Fiber artist Nelda Warkentin uses multiple layers of fabric and machine stitching to form her quilts, basing them on a rigid inner layer of canvas. While her work can be viewed simply as abstract art, each of Warkentin's pieces present us with meaningful metaphors about life. For example, her work is created in layers, resulting in pieces with depth and complexity. Secondly, pattern and rhythm are integral to her art. The world is full of cycles; pattern and rhythm can be found in everything. Finally, each part of the pattern is unique, yet the parts overall are similar.
Warkentin creates her abstracts by applying layers of painted transparent silk over a background image. She paints the silk three to five times with acrylic or pigment mixed with water. After each application, she dries the silk to maintain the transparent nature of the surface and to allow the application of color on top of color. Behind the silk surface are pieces of silk, linen, or cotton (which may also be painted) machine stitched onto canvas.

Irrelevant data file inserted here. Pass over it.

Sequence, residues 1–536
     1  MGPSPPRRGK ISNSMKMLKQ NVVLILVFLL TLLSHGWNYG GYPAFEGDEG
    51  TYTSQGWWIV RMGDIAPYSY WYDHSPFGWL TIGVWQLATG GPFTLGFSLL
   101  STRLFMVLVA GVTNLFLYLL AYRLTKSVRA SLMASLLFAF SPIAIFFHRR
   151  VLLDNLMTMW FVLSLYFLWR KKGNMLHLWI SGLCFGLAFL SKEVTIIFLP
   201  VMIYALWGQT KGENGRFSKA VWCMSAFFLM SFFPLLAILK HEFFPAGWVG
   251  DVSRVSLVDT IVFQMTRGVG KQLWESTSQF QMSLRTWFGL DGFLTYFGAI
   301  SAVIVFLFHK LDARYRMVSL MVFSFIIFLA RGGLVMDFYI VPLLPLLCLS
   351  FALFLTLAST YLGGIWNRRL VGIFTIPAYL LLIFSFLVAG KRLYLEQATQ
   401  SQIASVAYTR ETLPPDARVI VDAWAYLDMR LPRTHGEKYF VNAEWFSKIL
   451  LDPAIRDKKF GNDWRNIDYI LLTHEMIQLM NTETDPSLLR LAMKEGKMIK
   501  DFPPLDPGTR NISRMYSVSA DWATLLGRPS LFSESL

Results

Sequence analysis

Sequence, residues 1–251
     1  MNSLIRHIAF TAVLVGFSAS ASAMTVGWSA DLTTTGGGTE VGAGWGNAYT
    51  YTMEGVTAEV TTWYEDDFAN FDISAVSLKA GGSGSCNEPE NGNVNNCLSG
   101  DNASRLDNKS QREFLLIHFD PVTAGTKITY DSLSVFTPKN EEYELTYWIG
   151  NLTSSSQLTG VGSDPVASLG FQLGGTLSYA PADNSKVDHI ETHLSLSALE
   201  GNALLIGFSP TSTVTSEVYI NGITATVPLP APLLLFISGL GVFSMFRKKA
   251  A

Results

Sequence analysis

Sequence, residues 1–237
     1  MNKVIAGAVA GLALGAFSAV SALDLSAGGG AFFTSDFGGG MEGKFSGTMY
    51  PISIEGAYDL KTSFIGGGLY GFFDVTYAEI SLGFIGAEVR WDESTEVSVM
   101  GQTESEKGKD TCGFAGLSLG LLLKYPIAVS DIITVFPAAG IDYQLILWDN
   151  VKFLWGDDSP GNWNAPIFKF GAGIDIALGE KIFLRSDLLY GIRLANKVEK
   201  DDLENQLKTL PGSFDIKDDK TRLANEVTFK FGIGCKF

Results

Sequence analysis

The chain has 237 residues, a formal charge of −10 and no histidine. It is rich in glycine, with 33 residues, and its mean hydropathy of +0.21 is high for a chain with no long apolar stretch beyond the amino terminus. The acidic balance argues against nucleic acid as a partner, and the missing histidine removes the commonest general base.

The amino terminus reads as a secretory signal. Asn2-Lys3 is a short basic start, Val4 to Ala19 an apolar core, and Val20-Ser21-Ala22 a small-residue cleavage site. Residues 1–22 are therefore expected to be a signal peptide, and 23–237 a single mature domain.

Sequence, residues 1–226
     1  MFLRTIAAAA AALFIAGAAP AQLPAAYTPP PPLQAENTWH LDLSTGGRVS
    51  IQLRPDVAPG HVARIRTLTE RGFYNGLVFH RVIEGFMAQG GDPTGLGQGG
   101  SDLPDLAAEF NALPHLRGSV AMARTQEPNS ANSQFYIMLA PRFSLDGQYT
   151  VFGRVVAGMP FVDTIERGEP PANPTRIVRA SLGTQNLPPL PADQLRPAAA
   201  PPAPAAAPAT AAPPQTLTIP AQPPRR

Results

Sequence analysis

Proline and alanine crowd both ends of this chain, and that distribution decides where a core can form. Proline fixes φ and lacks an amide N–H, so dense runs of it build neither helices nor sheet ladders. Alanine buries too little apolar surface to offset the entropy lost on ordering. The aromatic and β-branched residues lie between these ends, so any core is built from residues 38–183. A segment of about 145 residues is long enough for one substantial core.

The viewer sees these background layers through the silk surface, resulting in a painterly quality that offers endless opportunities for study.
- Artist Videos
- Exhibitions & Awards
27th Annual Contemporary Crafts Exhibition, Mesa Arts Center, Mesa, AZ, 2006
Quilt National 2005, Athens, OH, 2005
Quilt Visions 2004, Oceanside, CA, 2004
Quilt National 2003